Female emcees have dimmed from mainstream media over the last fifteen years. Female rappers have taken their place. Let me first define the difference between an emcee and a rapper. All emcees are rappers. Not all rappers are emcees.

Mainstream confidence and success for women in hip hop has become synonymous and secondary to masculine ideals of sexiness. To be sexy is to be confident and to be confident you must first be sexy. A shift from Queen Latifa’s empowering 1993 track ‘U.N.I.T.Y.‘, to sexually explicit lyrics such as those found in Lil Kim’s 2000 track ‘How Many Licks’, and now Nicky Minaj’s misogynistic 2010 hit ‘Roman’s Revenge‘.

In order to be successful in mainstream, women in hip hop are forced to express themselves as objects of sex in entertainment, rather than musicians and artists. It seems that to make it as a woman in hip hop these days, a woman has to become a misogynist. She must view and use her body as a tool and express hate towards her fellow female. Women in the mainstream are dependent on patriarchal models of sexiness to reinforce confidence and competition as an artist. Thus only being recognized in the industry if they are indeed performing quality sexiness, rather than quality lyricism.

Let’s take a look at some evidence. In Sabrina Ford’s article New Film Explores The Decline of Female Rappers, she says that due to the decline in breakthrough female hip hop artists, the Grammy’s eliminated their Best Female Rapper category in 2005 (the key word here being ‘Rapper’).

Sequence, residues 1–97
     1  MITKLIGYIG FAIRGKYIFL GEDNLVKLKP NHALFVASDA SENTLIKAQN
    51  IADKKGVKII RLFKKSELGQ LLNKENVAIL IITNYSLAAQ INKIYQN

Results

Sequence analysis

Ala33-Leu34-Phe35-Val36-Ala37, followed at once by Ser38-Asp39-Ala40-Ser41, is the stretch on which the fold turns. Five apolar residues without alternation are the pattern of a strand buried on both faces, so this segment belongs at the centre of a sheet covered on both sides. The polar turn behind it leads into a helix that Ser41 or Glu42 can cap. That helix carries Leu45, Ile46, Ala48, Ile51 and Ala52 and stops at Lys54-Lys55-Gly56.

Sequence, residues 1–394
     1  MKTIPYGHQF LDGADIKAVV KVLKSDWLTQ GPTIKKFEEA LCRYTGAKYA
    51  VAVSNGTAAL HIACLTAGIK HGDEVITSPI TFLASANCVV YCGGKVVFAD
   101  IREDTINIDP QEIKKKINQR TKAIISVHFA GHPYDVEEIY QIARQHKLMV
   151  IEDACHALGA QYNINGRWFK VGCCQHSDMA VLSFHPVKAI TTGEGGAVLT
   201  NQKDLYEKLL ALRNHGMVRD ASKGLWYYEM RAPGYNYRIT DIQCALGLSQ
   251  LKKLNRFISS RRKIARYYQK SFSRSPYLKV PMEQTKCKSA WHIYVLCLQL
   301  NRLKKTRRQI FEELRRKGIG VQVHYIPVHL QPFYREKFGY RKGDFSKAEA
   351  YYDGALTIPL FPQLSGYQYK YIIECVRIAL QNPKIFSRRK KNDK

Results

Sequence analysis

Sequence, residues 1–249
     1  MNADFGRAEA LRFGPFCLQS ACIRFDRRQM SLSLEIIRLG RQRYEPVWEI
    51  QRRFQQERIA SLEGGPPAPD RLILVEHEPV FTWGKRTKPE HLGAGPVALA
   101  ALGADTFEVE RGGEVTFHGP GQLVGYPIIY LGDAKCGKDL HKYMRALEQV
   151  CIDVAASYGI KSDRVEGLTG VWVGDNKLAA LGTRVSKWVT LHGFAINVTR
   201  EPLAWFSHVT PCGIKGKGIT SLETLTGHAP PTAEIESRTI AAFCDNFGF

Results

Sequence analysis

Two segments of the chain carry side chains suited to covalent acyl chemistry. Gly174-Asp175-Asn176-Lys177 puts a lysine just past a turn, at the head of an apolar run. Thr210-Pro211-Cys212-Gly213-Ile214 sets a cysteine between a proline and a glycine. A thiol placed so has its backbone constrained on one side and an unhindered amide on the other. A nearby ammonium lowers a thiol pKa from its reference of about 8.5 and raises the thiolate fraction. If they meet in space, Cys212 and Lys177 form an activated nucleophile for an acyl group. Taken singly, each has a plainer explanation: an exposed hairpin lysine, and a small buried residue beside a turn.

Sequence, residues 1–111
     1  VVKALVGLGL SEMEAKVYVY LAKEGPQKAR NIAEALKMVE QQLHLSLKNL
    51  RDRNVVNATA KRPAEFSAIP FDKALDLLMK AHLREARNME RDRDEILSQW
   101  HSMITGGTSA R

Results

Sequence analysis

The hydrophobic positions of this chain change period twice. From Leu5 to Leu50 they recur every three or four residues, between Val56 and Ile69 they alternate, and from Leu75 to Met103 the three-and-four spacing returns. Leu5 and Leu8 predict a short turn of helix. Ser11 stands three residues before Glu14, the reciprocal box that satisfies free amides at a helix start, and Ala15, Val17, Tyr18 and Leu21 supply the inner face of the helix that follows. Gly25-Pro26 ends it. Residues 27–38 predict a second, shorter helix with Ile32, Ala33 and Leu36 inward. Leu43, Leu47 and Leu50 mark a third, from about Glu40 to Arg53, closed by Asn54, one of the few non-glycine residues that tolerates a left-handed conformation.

“It’s been seven years since a woman held the No. 1 spot on a rap chart – Lil kim’s 2003 hit ‘Magic Stick’ featuring 50 Cent. Missy Elliot’s ‘Work It’ was the last song by a woman with no featured guest to hold that position,” said Ford.

Some would argue Missy Elliott is proof that you don’t have to visually sell sex to make it as a woman in hip hop. With seven million albums sold in the US and six platinum albums, Elliott has reaped success that far outweighs her sultry robust figure, as she states in her 2005 track ‘Lose Control’.

Okay, so Missy Elliott shows us to be successful in mainstream hip hop you don’t need to be half naked, but you still need to spit strictly on the topics of sex and money. There’s an obvious lack of lyrical diversity in mainstream hip hop.

I suppose the last female emcee in mainstream who was known to drop knowledge and promote female empowerment via ingenious lyricism was Lauren Hill. Never short on wisdom and ferociously feminine, Hill breaks down in her 1998 track ‘Superstar’ how she feels about women in mainstream hip hop.

Lauren Hill is an example of how women in the mainstream game can be successful while dropping lyrics and verses that make us rewind it back, listen again and think about the message. It is possible to have undeniable female artists in the forefront of mainstream who pushes the genre forward rather than keeping it stuck in simple sexual messages and club bangas.

So, will there ever be a Best Female Emcee category at mainstream award shows? Not while quality musicians remain where they’ve always been, underground. In the meantime, I hope to shed some light on all the worthy female artists overlooked by mainstream hip hop.